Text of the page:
They say the best things in life are free. Being with a partner you love is certainly one of the best things in life, but, if you happen to be gay, it’s far from free.
Two New York Times writers, Tara Siegel Bernard and Ron Lieber, recently attempted to calculate the price of being gay in America. While they acknowledge that the emotional costs of fighting prejudice are incalculable, they wanted to see if they could put a number amount on the concrete dollars and cents costs.
Their hypothetical couple consisted of two women living in New York state. They commit to one another at age 35, have two children, and remain together until one woman dies at age 81.
The Times writers, with the aid of tax professionals and financial planners, considered two scenarios. In the first, both women earned $70,000, except during a five-year period when one stayed home with their small children. In the second, one woman $110,000 and the other earned $30,000.
After everything was added up, the researchers found that, after a 50-year period encompassing birth and death, the surviving partner in the equal income, same-sex scenario would be $41,196 poorer than a similar circumstanced person who had married someone of the opposite gender. In the disparate income scenario, that number jumped to $467,562.
One of the main culprits was health insurance. This was also a major factor in the difference between same-sex couples with equal earnings and those with different earnings. While some insurance plans cover domestic partners, many do not, meaning that, unless both partners receive employer-provided health care, one partner must purchase coverage individually. Even when a plan covers domestic partners, federal tax laws usually penalize the spouse whose employer provides health benefits. This is one of the worst side effects of the federal Defense of Marriage Act, which denies even married same-sex couples the benefits that opposite-sex couples enjoy.
The writers assumed that, in the disparate incomes scenario, the lower earner’s job did not provide health insurance. Not being able to take advantage of spousal benefits ratcheted up the couple’s health care costs by $211,993.
Another potentially huge cost comes from estate taxes. While heterosexual couples who are U.S. citizens can transfer an unlimited amount of assets to each other during their lives and at death without paying gift or estate taxes, same-sex couples, even married ones (again, thanks to the Defense of Marriage Act), receive no such privilege. Most couples do not need to worry about estate taxes since their assets don’t exceed state or federal exemptions. Federal estate taxes apply only to estates larger than $3.5 million, and estate taxes for New York, where the imaginary couple lived, kick in at $1 million. But for affluent couples whose assets exceed these thresholds, the cost could be enormous. Assuming the higher-earning partner in the disparate incomes scenario died first, that couple would avoid the federal tax but pay $43,378 to New York State.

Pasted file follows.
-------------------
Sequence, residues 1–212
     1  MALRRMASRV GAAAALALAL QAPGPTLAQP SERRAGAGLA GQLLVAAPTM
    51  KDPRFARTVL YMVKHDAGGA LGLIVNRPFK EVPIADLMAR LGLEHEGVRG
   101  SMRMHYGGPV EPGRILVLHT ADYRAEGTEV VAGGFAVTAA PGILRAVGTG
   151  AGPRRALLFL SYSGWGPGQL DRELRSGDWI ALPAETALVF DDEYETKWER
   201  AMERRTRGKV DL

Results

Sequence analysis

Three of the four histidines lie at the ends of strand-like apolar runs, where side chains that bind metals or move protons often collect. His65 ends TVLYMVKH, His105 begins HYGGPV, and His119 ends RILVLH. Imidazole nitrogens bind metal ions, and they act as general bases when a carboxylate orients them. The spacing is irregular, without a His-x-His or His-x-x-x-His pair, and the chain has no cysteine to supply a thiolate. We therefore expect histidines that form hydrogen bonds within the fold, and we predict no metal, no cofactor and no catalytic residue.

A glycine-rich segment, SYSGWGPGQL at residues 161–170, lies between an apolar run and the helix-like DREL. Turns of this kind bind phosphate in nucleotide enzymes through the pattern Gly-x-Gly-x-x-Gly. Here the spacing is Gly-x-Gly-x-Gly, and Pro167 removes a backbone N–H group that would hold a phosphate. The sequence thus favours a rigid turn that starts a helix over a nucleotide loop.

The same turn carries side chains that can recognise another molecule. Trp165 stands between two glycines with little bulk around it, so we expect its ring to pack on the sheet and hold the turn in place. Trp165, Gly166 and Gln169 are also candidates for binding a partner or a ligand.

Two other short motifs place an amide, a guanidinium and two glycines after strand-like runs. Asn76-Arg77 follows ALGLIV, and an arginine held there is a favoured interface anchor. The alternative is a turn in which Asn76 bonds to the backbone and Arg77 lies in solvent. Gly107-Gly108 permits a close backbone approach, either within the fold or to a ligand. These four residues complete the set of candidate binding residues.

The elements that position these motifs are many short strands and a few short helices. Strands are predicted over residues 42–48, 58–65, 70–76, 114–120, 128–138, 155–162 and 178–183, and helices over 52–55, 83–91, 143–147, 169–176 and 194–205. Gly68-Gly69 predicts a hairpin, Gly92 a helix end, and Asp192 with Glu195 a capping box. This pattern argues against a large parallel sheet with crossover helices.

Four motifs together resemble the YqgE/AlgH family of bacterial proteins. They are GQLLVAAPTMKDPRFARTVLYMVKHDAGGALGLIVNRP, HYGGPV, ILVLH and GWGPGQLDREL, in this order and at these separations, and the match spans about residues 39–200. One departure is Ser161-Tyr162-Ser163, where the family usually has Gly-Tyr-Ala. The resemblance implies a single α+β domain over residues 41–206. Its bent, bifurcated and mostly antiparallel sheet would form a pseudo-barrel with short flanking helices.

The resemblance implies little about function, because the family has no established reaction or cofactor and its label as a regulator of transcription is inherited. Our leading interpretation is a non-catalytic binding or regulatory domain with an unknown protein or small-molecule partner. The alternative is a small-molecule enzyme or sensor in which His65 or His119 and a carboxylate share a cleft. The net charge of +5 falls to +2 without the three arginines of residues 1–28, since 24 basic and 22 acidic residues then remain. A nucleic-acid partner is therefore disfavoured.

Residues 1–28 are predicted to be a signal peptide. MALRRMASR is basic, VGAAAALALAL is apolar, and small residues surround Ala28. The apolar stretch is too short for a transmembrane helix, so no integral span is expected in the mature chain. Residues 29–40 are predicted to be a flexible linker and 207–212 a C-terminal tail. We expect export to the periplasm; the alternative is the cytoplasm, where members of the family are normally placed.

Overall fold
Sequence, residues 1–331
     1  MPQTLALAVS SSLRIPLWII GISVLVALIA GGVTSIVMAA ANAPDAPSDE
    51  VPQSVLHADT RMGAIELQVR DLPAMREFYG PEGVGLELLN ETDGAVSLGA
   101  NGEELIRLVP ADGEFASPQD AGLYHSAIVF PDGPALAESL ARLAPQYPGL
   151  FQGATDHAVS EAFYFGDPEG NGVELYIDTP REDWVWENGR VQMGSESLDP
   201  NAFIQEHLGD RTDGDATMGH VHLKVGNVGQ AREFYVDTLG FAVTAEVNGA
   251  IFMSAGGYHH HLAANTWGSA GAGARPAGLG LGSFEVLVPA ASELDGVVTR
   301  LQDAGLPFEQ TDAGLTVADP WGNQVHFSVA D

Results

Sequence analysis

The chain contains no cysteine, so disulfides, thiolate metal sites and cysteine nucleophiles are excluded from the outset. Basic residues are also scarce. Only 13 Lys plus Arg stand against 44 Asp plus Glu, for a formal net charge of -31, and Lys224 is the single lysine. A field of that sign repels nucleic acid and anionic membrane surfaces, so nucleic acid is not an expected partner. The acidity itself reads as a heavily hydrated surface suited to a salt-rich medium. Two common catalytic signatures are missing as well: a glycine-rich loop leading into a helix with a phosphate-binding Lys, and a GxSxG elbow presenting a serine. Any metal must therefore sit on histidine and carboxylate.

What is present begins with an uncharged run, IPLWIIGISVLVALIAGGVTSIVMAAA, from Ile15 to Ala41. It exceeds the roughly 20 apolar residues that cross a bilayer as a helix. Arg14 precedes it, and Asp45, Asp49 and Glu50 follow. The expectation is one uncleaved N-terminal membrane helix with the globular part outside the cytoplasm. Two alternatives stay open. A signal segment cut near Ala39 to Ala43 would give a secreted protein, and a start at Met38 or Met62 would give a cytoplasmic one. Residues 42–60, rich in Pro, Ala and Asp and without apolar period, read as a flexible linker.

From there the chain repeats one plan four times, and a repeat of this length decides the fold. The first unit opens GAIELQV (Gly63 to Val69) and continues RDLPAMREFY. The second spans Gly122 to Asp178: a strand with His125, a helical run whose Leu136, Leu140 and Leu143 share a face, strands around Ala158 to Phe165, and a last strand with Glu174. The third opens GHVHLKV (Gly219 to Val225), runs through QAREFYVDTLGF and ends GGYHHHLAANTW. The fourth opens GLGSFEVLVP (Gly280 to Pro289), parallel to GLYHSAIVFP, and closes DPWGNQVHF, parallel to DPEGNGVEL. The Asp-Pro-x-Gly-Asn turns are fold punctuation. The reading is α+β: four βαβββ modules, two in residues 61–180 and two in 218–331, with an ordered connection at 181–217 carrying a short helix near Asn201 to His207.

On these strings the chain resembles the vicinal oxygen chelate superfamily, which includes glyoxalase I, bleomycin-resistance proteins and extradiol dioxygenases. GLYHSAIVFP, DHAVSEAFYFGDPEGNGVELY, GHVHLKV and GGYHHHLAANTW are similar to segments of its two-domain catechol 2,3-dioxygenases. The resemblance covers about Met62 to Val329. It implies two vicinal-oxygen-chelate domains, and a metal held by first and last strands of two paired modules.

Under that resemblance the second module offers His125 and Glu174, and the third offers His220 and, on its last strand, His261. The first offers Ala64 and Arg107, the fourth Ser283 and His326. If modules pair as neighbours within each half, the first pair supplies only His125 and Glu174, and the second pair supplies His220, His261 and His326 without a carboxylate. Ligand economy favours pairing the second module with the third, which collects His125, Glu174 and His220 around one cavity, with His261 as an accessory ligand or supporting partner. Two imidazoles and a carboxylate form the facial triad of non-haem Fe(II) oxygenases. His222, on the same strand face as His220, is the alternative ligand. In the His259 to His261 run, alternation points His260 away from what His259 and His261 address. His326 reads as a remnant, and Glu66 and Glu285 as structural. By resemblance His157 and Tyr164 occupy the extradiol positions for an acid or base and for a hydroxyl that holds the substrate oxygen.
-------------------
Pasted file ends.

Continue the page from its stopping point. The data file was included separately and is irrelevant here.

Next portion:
According to the writers, same-sex couples also fare worse than their heterosexual counterparts when it comes to social security, pensions and spousal I.R.A.s. Additionally same-sex couples must pay more for tax preparation, since they cannot file jointly, and for financial planning, since they must create a number of documents to replicate the protections and rights automatically accorded to married opposite-sex couples. The study put these additional costs at $12,300 for tax preparation and up to $5,500 for other paperwork.
Nearly all of the costs mentioned by the writers, excluding the increased expense of having biological children, are a direct result of the fact that same-sex unions are not given the same treatment that is available to heterosexual couples.
The federal government’s discriminatory law was enacted in 1996, years before any state actually permitted same-sex marriage. Thousands of gay couples have been wed since Massachusetts became the first state to permit same-sex marriage in 2004 (discounting Vermont’s early attempt at civil unions, which began in 1999). The sky has not fallen. Wedding planners remain in business, and the institution of marriage seems to need no defense. So, maybe, political maturity will eventually lead to the law’s repeal. More likely, the Supreme Court will at some point feel compelled to take up the issue.
In the meantime, gay couples will keep on paying the price for love. Now they know just how much that is.